The White House says they want a “clean” vote to raise the federal debt limit, and House Republicans may be happy to oblige them, if only to prove that such a proposal will never make it past the lower chamber, and even lacks the full support of Democrats.
House Majority Leader Eric Cantor (R-Va.) suggested Tuesday that Republicans may allow a clean vote on raising the $14.3 trillion debt ceiling in order to demonstrate that it lacks the votes to advance through Congress absent reforms.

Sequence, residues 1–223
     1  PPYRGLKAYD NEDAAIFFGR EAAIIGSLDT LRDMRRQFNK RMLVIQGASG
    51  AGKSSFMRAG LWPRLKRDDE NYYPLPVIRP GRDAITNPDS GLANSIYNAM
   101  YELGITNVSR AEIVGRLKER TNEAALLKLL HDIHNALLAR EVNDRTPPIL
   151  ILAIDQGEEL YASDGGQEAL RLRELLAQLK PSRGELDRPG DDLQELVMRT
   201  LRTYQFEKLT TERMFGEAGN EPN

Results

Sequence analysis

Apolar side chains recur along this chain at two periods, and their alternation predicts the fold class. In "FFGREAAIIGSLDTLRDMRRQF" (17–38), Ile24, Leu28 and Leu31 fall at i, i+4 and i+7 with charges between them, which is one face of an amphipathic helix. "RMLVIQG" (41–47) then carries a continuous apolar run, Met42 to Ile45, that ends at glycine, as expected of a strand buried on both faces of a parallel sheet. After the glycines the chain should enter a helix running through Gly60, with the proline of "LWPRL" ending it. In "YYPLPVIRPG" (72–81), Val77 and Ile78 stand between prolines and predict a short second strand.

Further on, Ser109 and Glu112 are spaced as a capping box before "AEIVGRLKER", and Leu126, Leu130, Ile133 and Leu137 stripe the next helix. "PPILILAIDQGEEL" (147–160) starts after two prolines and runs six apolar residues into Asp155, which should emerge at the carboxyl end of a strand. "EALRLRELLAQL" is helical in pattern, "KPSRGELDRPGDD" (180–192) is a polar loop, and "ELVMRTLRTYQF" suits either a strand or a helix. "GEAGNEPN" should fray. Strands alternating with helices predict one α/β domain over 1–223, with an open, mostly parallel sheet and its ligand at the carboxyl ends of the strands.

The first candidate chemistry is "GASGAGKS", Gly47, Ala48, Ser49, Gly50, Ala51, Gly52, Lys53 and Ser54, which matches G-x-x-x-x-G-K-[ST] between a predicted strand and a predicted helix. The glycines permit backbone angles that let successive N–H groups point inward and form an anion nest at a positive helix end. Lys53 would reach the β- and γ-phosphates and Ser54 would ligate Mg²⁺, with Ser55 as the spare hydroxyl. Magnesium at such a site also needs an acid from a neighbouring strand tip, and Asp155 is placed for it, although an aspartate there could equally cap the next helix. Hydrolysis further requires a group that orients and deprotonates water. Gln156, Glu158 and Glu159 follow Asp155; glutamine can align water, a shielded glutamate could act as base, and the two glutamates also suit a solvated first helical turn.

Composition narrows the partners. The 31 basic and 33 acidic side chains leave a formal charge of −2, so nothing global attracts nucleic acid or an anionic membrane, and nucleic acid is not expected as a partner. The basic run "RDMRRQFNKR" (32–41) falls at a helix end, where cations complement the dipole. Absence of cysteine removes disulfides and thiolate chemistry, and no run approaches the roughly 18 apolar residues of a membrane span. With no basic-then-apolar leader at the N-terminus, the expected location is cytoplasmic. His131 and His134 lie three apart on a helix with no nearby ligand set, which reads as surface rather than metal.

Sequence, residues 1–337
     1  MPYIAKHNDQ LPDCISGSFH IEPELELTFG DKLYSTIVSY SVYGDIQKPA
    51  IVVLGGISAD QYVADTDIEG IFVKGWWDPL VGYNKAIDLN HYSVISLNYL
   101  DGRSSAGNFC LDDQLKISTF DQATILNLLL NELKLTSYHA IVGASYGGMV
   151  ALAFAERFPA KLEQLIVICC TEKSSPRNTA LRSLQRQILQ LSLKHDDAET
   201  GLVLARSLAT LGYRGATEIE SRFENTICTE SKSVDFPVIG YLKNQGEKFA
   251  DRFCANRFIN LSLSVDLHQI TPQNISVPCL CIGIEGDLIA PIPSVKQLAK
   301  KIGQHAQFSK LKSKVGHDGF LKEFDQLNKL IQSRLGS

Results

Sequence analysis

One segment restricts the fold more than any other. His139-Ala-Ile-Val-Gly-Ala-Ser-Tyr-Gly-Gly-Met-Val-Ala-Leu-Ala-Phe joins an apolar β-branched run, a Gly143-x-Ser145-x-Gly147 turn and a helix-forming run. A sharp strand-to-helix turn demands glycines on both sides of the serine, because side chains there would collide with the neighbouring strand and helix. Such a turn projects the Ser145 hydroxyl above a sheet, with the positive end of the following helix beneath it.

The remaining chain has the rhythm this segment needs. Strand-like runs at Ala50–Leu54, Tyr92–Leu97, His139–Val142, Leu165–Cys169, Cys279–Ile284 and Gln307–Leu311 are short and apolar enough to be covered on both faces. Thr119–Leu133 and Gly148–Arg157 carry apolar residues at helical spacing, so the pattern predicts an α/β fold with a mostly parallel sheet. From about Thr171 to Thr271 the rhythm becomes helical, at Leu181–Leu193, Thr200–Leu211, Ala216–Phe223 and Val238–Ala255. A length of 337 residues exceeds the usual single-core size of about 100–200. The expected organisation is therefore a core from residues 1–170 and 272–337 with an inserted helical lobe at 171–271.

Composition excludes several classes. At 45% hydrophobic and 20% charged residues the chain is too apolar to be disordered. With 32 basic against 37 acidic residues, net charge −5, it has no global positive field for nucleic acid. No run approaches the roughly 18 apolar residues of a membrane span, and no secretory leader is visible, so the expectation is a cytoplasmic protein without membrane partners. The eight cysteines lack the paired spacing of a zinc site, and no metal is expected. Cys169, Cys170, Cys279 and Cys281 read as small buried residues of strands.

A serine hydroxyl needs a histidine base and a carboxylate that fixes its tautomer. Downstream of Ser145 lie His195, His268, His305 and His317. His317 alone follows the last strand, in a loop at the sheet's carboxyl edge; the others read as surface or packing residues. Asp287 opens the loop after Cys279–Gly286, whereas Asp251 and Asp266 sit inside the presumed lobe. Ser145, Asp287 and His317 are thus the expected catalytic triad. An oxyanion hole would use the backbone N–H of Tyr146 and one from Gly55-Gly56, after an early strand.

“If it is necessary for us to tell the president that it is dead on arrival in the House, I believe that we can do that,” Cantor said following a Republican conference meeting.
According to a letter authored by Rep. Peter Welch (D., Vt.), at least 117 Democrats (of 193) are on board with a “clean” increase and would also like to see a vote on this to “establish a Democratic position in favor of a clean extension of the debt ceiling.”
Meanwhile, that “position” is flatly rejected by a significant majority of Americans, according to polls like this one.
In the Senate, at least four Democrats (including Joe Lieberman) have indicated they would not support an increase to the debt limit without meaningful, long-term measures to limit spending.
In other words, Democrats should be careful what they wish for.